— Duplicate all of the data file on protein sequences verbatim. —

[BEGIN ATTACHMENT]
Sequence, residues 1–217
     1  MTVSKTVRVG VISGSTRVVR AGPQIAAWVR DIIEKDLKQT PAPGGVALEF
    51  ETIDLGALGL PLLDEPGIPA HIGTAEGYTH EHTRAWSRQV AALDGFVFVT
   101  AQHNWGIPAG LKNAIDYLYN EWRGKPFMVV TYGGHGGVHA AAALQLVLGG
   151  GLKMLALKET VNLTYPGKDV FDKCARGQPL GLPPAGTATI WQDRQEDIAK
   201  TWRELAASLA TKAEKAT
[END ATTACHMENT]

Sequence, residues 1–217
     1  MTVSKTVRVG VISGSTRVVR AGPQIAAWVR DIIEKDLKQT PAPGGVALEF
    51  ETIDLGALGL PLLDEPGIPA HIGTAEGYTH EHTRAWSRQV AALDGFVFVT
   101  AQHNWGIPAG LKNAIDYLYN EWRGKPFMVV TYGGHGGVHA AAALQLVLGG
   151  GLKMLALKET VNLTYPGKDV FDKCARGQPL GLPPAGTATI WQDRQEDIAK
   201  TWRELAASLA TKAEKAT